The Pacific Reset & the Blue Continent

Thank you for your invitation to speak with you this afternoon about New Zealand Foreign Policy.

After offering one or two general thoughts about the nature of foreign policy, the focus today will be the Pacific Reset and why its goals remain even more important today as when they were launched in 2018.

Now, first, foreign policy is unique when compared to other domestic-focused policy domains.

Sovereign governments have agency to adapt or change domestic policy settings as they see fit, bound only by their judgements about what is possible and what is not.

In contrast, in foreign policy, government agency is far more prescribed by the inter-dependent nature of the life of nations. New Zealand cannot simply live alone in peace.

Second, New Zealand is a small state reliant on a well-functioning rules-based international system to promote its interests. That system has been badly disrupted this past decade and is under severe strain.

To meet our foreign policy challenge requires both subtlety and thought.  

For years we’ve heard the phrase in New Zealand of “punching above our weight”. 

It is of course not true, but a beloved excuse for those who boast of representation in foreign affairs whilst never being committed to provide the adequate funding to do so.

For over four decades, with just two exceptions (between 2005-08 and 2017-2020), our diplomats and MFAT have been asked to do a task from the very end of the Western Pacific without the means to do so.

That is not to suggest that they have not done an incredible job with the resources given them but it’s truly regrettable to reflect on the void of misunderstanding that exists between MFAT funding and economic performance back in New Zealand.

Singapore and Ireland are just two small country examples where politicians have understood the connection between wise resourcing of foreign affairs and trade policy and economic success back home. 

We could and should learn from them.

Instead, in foreign policy as elsewhere, this Government is caught in its bi-cultural cul-de-sac. “Why, you might ask.”

Well, the Ministry of Foreign Affairs will on October 1 augment its Maori Policy Division, a group with currently four positions, with an additional 11 positions.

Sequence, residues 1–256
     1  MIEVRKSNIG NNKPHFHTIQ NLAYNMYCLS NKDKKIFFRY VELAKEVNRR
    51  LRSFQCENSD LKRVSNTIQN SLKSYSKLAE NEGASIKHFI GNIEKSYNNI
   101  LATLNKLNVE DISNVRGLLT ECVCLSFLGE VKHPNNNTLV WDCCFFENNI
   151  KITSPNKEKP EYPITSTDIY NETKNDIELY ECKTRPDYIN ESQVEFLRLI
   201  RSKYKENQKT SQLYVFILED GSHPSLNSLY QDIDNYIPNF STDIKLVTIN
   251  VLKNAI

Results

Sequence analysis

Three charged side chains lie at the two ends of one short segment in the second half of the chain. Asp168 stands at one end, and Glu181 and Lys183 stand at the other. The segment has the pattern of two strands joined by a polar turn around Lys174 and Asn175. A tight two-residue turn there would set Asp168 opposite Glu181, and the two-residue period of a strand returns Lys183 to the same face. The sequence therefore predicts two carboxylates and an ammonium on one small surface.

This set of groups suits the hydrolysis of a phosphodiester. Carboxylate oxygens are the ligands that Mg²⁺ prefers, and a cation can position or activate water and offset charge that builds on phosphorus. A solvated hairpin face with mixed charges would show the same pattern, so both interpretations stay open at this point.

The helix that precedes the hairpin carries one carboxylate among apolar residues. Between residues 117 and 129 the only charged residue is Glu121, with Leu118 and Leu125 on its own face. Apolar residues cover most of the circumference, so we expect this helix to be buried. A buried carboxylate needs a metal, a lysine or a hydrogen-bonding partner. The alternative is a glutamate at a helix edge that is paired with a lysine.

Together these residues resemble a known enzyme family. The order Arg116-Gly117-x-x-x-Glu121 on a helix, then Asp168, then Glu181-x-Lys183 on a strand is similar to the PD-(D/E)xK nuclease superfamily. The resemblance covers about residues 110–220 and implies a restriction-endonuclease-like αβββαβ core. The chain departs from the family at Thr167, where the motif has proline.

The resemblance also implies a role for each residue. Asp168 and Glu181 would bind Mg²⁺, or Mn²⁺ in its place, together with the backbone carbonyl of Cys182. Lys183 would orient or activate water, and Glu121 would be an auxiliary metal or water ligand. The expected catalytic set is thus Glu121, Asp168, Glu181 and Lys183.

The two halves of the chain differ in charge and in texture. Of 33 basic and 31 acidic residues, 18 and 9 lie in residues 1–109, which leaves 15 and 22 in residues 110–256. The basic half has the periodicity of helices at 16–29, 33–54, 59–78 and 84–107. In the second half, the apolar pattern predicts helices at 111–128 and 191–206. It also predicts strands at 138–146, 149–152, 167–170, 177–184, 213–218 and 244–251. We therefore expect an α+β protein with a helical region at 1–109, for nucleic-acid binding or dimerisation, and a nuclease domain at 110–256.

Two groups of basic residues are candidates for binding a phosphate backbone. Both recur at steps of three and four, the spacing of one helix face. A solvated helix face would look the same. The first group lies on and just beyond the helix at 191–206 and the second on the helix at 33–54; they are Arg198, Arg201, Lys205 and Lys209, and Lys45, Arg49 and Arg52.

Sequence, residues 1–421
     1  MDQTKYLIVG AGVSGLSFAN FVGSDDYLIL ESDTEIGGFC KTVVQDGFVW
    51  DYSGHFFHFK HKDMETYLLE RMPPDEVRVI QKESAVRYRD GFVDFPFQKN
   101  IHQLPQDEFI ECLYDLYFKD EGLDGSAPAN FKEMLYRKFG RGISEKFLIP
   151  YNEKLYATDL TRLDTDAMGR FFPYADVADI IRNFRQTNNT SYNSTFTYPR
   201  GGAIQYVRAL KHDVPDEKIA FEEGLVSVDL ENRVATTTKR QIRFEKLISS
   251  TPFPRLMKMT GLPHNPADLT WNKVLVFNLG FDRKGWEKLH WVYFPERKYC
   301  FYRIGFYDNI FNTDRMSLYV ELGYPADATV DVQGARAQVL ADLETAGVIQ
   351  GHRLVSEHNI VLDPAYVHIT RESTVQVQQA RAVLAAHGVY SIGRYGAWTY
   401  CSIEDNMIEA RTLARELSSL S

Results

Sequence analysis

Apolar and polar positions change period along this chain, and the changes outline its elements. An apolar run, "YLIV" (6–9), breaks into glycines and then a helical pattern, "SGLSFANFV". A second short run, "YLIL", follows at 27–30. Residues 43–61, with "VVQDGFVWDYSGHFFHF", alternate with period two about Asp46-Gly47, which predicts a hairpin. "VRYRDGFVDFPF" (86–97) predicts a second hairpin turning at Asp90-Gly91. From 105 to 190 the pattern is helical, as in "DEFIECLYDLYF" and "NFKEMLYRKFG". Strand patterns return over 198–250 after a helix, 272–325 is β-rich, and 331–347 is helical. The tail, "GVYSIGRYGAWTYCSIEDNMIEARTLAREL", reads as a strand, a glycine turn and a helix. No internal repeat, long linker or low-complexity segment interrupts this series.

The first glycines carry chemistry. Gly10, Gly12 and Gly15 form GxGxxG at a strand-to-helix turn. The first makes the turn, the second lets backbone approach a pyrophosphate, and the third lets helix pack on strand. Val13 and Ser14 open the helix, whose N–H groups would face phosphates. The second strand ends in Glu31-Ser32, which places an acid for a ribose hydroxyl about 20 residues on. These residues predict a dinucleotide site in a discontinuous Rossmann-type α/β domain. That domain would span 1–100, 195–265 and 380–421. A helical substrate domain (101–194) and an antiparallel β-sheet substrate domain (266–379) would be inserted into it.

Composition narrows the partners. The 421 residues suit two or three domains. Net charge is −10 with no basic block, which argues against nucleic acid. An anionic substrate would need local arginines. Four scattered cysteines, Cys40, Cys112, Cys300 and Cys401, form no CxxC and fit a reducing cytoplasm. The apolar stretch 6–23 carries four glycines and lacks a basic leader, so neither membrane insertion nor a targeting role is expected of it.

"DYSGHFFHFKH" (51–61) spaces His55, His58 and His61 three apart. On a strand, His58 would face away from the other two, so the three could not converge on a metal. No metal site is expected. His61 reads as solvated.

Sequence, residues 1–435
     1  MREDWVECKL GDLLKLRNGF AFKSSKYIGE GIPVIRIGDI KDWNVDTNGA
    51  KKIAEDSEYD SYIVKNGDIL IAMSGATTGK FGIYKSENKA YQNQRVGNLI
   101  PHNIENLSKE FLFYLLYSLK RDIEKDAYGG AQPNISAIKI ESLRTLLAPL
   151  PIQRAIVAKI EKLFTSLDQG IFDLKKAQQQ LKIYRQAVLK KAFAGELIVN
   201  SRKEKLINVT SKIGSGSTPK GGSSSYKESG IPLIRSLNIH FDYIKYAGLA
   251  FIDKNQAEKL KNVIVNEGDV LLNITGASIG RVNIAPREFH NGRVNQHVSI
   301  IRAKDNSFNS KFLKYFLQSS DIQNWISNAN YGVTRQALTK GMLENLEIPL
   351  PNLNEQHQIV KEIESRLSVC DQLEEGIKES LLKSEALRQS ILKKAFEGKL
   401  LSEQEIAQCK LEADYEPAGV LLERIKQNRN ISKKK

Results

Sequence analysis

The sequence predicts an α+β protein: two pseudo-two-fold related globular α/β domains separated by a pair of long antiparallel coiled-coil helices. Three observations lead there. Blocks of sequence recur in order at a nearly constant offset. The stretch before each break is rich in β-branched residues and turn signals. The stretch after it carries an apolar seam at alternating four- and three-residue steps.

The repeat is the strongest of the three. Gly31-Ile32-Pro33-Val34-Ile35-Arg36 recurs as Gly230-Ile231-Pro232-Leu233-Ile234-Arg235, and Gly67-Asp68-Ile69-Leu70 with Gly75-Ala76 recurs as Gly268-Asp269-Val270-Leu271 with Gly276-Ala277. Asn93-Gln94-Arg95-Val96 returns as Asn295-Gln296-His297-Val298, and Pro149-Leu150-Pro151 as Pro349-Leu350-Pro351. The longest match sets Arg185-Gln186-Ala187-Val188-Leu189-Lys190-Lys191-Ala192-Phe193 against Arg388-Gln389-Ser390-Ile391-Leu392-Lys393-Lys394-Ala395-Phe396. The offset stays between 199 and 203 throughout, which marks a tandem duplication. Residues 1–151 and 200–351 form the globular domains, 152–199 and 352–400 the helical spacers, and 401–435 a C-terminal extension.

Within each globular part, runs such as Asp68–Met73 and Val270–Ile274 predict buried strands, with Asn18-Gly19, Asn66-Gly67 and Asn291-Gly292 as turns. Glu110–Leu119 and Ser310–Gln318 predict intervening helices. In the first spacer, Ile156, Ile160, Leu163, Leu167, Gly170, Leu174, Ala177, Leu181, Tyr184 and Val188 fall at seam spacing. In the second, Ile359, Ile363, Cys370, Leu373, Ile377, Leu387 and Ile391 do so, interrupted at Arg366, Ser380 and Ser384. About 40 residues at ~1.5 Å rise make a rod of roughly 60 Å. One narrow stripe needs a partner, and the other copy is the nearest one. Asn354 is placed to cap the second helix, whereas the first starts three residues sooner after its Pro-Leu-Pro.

This will help neither our diplomatic nor trade ambitions. It’s a shocking waste of scarce resources that neither MFAT nor the country can afford.

It cannot and will not stand. 

Why? Because today we face again serious security concerns emerging in the Pacific – The Blue Continent in which we live. Many of these concerns were avoidable and it may yet not be too late if lessons are learnt “right here, right now”, first by ourselves and second by like-minded countries.

Diplomacy and Diplomats should be confined to careerists dedicated to the art of diplomacy and not former politicians being “grass widowed”, “rewarded”, or as a “trade off” for early retirement from politics.  Only in exceptional exceptions should this rule not be followed. 

There are countries where you can look at New Zealand’s lack of progress in enhanced diplomatic connections and then examine the number of diplomatic appointments that have gone there having been former politicians.  Right there is an explanation for our failure. 

It’s not a difficult exercise.  You wouldn’t put a novice into a surgeon’s operating room or a gyrocopter operator into a cockpit of a 747.

But we’ve done that in Foreign Affairs and your political masters see nothing wrong with that.

Now that is not said to dissuade you from entering a career in our Diplomatic, Defence or Intelligence Services, the health of which are both critical to our country’s future.

We all live in hope that after the election there may arise in Wellington a new understanding of the importance of diplomacy and a desire to see the importance of that profession be given its due credit. 

Diplomacy seriously matters and the better our diplomats, and the greater their resourcing, the sooner our country will be advantaged by it. 

And how should we act on the international stage?  We may be a small country, but we are only one of nine nations with a record of holding set term elections since 1854.  We do have something to be proud of.

Manners, civility, politeness, and the intention to deal with small nations in the same manner large nations expect to be treated should be critical to our thinking for with that change will come respect for New Zealand’s position and our standing in the world.

No people, or nation, will respect us if we behave in a patronizing fashion and we should never forget that. When offshore we are our country’s message.

And as in life so it is in diplomacy “you don’t get a second chance to make a first impression”.

And to put our present circumstances in perspective.

In the year 2000, 18 Pacific Island Forum members signed the Biketawa Declaration.  This was a framework for pursuing collective responses to security crisis’s.

Clause (V1) was its essence: “Recognising the vulnerability of member countries to threats to their security, broadly defined, and the importance of cooperation among members in dealing with such threats when they arise”.

However, for that framework to succeed many of the signatories needed the assistance of wealthier countries, some of which were signatories to the declaration. 

Moving forward 22 years, just last year it emerged that the Australian Foreign Minister proposed doubling Australia’s Aid only to be declined.